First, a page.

BY JESSICA GLAZER, MONTREAL GAZETTE
Once a company wants to meet you, it means your résumé has been viewed, and the company you applied for, likes what you have presented on paper. So now, it's your time to shine. Chances are if you don't make it past the first interview, then something you said or did within the interview setting was not right. The match they thought they saw through your résumé was not present when they met you. During the interview, you must always remain professional, bring three copies of your résumé and dress in a suit. You can always dress down, once you get hired but you can never call or email your potential employer and address the issue that you should have dressed up for the occasion.
If you are late, don't apologize for being late; don't be late. However, in life, things happen. You can get stuck in traffic, your boss may make you stay later then expected or your kids have you behind schedule but there's no reason why you can't call before actually arriving late. It's better to call and let them think you will be late than try to make it by the skin of your teeth and then not arrive on time.
While in the interview, do not chew gum; hiding it to the side of your mouth won't help.
So ask the reception where you can find a garbage or worse comes to worst swallow it and if you smoke do not smoke outside the office. You are not hired and the people outside are not your co-workers.
In fact it's the opposite, until you get hired, they wonder who you are and can see you as a threat and if they see someone they don't know, like a pack of wolves they are territorial and will question your every move.
Everything you do until the moment you are hired, you are judged so think accordingly.
When you are asked a question, be clear and concise with your answers. Don't just answer yes or no, even if you are asked a close ended question. Elaborate on your answer with concrete examples about what you have done in the past that match what the company needs you do. Engage in a conversation. The more they know about you the better.
When asked about your past or current employer, as bad as it may have been, do not knock your boss or your co-workers. There was a time when you did get along with them; as a reminder, this was when you were hired, so don't say anything negative. Turn every experience you had into a positive experience. No one wants to hire Negative Nancy for their office, or someone who can't get along with others.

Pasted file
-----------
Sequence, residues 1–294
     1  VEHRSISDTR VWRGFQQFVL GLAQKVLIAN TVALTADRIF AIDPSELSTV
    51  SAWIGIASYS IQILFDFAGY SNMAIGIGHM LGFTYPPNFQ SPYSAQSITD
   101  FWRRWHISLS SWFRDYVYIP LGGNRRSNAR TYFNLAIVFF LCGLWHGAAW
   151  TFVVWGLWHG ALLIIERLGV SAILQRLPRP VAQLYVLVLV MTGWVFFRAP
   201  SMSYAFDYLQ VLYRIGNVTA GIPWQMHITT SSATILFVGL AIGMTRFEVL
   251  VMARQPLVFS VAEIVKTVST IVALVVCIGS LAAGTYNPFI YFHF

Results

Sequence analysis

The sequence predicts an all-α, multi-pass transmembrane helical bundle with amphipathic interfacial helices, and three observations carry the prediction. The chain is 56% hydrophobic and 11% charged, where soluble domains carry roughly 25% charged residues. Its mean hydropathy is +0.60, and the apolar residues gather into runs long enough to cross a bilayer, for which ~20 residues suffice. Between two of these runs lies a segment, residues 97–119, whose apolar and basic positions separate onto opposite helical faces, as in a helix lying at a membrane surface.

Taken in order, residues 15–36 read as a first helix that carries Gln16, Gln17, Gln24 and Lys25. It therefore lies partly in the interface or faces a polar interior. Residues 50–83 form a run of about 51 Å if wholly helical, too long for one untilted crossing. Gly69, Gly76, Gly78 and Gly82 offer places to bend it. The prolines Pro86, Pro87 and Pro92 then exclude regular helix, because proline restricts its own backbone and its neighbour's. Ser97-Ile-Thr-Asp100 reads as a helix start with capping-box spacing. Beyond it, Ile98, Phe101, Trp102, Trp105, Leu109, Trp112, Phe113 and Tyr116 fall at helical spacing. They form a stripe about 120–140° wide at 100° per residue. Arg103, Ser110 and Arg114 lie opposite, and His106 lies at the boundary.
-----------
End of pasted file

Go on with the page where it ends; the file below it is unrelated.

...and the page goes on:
In regards to your experience, don't say "I don't have experience."Attitude and enthusiasm go a long way. What can you do? What have done that's related to what they are looking for? Never lie or exaggerate your experiences but think of what you have done that correlates to what they need. Often the potential employer isn't asking questions as much as the prospective employee is just rambling to the point of no return, because they are nervous or feel that companies want to hear everything. Just demonstrate your enthusiasm for the job and show off the skills and experience you do have that will contribute to the career at hand.
In regards to salary, it's okay to intern, it's okay to volunteer but don't sell yourself short. Find out what industry standards are and go from there. Know what you are worth and expect others to appreciate you as well. If you are working never give an actually salary range regarding what you are looking for like 50-60k. The company will always think closer to 50k and the interviewee will always think closer to 60k.
We all have our weaknesses but saying you will never work overtime should not be one of them. At times you may be asked to work overtime. Everyone can work overtime one day a year if need be. If the job for which you are interviewing for requires more overtime then you are unwilling or unable to work extra hours due to other commitments, then say what those commitments are and worse comes to worse then this job may not be the job for you.
If you have a jumpy resume don't say "I don't like to stay in one place very long." or "I changed companies because I needed to be challenged" This makes you look very unstable. A company wants to hire people that will stay, not feel as though they are big used to gain some experience as they will change every year or two. Have solid reasons as to why you left and even if it was for more challenges explain exactly what those challenges were rather then just saying "more challenges were offered." Communication is key.
Don't give "we" sentences! Who is "we"? This is not an interview for a team it's an interview for YOU what did YOU do?
If you get nervous in an interview, then print out the job description in advance and write line for line what you have done that matches the job at hand this way when questions are asked, you don't have to think right then and there what you have done that matches the company and career at hand because at the end of the day, this is just a conversation between two people.
Jessica Glazer is recruitment director and founder of MindHR, a placement agency in Montreal.